Detail from I'M FROM NOWHERE book cover

Lerman: Climate anxiety that is ‘subcutaneous—felt but barely articulated’

One of my favorite author-written Forewords is to Lindsay Lerman’s I’m From Nowhere. A decade before the publication of her book, she had moved from Toronto to Istanbul, where she was a research assistant and taught English. She didn’t really speak Turkish, and she lived in “relative isolation” in a little apartment. Of this period in her life, she says:

…I was given permission to abandon myself, and to recreate myself as I saw fit. I didn’t have enough to ask myself: What will you do? And I did not have the dangerous lure of doing the usual shit to distract myself from the question. I was fortunate to be there, in Istanbul, no matter how maddening and difficult it was, but anyone who has abandoned and recreated themselves out of necessity knows that it’s not quite fun, that it feels like death—is death—and of course it’s beautiful, but beauty hurts.

Did I have the luxury of shattering, or the sudden absence of the luxury of habit and inhabiting recognizable norms? Probably a bit of both.

Lindsay Lerman, I’m From Nowhere. CLASH Books, 2020. Foreword, p. xiv.
Book cover for Lindsay Lerman's I'M FROM NOWHERE

Those of us who have moved far away or otherwise gone through a period that feels somewhat like a hiatus or personal reinvention might relate.

Much twentieth-centry literature imagined that “personal crises could often be neatly separated from political crises,” and “all the books I read that inhabited that fantasy world made me sad, not in the deep reckoning-with-reality kind of way, but sad in the way you feel when you watch someone walk unwittingly into danger, knowing you can’t stop them.”

In this book, she acknowledges that “the issues related to ‘climate’ are subcutaneous—felt but barely articulated…I don’t necessarily like the way we continue to carry on as we make the world less and less inhabitable, and as we see fresh evidence of it each day. But…we are allowed to create characters and milieux that we find disagreeable, or troubling, or don’t fully understand.”

A red car, 1920s-style. Detail from the book cover of THE PURSUED AND THE PURSUING by AJ Odasso.

2021 Gatsby reboot: ‘The Pursued and the Pursuing’

Book cover of "The Pursued and the Pursuing" by AJ Odasso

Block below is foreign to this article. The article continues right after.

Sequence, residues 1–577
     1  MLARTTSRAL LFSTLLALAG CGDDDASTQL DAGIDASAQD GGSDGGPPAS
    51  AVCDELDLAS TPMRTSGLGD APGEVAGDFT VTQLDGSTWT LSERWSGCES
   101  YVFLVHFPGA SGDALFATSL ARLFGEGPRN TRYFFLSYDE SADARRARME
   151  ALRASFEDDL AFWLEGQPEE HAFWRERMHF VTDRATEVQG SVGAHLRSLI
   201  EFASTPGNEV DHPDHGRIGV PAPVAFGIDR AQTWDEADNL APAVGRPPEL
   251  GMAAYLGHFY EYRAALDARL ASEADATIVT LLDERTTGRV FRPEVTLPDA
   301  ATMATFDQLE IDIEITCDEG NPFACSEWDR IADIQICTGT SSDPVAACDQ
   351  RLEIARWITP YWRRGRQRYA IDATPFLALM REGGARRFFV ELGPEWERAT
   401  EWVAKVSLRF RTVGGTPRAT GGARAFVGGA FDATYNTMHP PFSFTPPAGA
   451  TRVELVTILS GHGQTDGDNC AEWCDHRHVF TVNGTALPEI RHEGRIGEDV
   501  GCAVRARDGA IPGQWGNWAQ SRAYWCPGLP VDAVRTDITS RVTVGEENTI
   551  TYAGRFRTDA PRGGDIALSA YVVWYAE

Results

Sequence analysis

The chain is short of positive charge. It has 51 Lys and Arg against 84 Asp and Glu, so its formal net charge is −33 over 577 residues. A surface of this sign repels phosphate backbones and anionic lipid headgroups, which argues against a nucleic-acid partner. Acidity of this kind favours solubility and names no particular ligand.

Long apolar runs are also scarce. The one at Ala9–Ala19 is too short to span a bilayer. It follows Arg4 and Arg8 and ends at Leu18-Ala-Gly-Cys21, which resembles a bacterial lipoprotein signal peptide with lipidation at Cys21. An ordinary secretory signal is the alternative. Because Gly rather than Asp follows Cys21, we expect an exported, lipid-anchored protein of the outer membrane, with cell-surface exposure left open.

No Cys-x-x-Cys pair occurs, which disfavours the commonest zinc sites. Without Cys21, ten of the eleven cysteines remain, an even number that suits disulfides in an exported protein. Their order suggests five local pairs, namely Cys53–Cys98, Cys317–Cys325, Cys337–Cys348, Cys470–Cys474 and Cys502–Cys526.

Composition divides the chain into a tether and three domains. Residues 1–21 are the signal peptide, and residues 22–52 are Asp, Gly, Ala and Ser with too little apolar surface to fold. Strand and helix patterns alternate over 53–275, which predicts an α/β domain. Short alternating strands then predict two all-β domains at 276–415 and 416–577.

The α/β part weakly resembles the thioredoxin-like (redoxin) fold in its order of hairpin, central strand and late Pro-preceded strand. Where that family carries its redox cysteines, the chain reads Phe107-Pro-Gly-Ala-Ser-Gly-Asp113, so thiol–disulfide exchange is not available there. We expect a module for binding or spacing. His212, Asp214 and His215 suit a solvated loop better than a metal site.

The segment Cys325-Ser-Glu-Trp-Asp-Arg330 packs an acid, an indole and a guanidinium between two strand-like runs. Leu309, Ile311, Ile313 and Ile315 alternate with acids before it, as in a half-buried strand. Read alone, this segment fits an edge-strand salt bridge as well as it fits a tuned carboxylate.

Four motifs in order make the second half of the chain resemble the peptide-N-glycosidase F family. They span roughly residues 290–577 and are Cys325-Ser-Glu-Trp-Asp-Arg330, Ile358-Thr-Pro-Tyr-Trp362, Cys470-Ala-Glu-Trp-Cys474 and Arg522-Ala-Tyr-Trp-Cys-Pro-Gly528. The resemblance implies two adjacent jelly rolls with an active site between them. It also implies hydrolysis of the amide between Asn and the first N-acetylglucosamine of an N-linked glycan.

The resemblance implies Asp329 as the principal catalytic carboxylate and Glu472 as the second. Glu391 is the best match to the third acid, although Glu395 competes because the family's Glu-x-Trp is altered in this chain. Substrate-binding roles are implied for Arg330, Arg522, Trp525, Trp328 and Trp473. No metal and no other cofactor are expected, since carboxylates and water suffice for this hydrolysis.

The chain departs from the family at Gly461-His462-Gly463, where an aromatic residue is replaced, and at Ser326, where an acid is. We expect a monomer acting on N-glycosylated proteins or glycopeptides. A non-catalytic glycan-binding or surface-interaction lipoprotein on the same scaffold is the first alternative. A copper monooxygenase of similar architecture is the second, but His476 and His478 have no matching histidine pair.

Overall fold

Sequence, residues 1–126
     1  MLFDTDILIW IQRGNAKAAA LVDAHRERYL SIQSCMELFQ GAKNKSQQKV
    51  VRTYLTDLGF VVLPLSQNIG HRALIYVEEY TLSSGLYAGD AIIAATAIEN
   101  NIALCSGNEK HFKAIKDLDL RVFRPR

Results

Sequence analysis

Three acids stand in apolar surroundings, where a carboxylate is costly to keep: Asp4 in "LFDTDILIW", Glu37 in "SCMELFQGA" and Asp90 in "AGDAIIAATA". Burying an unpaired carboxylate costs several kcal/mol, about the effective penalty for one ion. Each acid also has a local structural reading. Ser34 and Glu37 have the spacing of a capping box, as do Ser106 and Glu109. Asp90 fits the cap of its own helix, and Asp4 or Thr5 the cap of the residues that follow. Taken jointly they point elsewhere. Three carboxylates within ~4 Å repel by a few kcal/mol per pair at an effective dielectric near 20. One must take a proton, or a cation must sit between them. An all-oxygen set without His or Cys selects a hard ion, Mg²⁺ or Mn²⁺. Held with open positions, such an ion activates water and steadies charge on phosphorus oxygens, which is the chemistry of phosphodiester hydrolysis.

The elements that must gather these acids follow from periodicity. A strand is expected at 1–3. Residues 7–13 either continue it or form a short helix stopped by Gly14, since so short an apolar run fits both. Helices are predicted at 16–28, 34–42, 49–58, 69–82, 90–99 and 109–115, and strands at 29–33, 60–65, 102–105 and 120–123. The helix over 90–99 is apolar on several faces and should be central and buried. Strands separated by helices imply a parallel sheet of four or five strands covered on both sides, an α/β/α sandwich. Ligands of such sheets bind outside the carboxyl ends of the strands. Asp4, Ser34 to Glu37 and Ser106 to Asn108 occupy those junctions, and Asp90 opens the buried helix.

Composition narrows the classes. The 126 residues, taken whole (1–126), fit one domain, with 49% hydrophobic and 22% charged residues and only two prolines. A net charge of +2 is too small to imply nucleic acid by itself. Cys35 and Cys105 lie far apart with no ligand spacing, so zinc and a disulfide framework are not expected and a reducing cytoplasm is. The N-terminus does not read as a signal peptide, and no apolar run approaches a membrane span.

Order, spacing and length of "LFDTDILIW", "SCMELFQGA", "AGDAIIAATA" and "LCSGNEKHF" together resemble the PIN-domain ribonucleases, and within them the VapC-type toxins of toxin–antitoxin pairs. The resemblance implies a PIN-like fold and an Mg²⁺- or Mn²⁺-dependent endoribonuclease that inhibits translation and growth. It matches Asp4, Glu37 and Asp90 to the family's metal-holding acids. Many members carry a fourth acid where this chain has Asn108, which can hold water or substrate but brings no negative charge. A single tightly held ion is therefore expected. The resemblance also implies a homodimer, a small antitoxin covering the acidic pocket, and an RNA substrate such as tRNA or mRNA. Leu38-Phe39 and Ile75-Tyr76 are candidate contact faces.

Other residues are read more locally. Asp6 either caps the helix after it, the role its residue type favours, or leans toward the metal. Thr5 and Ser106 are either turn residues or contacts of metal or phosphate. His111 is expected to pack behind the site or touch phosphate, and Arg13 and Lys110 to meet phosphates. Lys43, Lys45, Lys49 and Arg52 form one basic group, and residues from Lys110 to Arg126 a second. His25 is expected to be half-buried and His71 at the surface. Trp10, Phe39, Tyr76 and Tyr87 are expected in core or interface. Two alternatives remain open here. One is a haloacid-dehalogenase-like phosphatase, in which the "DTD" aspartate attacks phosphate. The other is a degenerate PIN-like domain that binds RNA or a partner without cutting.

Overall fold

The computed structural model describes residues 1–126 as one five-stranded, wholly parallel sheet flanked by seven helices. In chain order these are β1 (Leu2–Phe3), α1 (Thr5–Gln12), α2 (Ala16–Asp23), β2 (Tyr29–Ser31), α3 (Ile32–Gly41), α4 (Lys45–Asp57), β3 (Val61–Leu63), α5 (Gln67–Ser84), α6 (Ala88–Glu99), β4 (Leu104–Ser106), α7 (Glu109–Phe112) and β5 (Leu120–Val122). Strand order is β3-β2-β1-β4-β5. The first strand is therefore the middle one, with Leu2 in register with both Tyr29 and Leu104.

F. Scott Fitzgerald’s 1925 novel The Great Gatsby entered the public domain in the United States this year, making space for this sequel by AJ Odasso, The Pursued and the Pursuing. In this version, Jay Gatsby survives the bullet from Myrtle’s husband, and during his recovery he rekindles his old feelings for Nick Carraway (who narrates the original novel as well as this sequel). Jay and Nick reveal to each other that, in addition to having tried to settle down with women, they had brief affairs with other men, but they have never stopped thinking about each other.

That the newspaper has already run an obituary for the socialite Jay Gatsby gives him an opportunity to reinvent himself as—or, more accurately, revert himself to—his James Gatz identity. He and Nick have lots of sex, live as partners, and are cavalier about their obviousness, so people in close proximity tend to pick up that they are a couple. Meanwhile, Jay’s old girlfriend Daisy Buchanan gets back in touch. Jay and Nick don’t much care for her or her husband Tom, but they adore her teenage daughter Pam, who has her own sexuality and gender journey and becomes like a surrogate daughter to them. Thus they spend the 1930s.

Odasso’s voice in this novel is different from F. Scott Fitzgerald’s, especially in the homoerotic escapades and related discussions which feel much more modern, but neither is it entirely dissimilar from Fitzgerald’s. It’s an homage, and there’s some artistic continuity in the setting, the language, and the rhythm of the sentences. It’s a good balance between familiar and speculative, breathing new life into old characters.

Do we need a gay Gatsby? Yes. Yes, we do.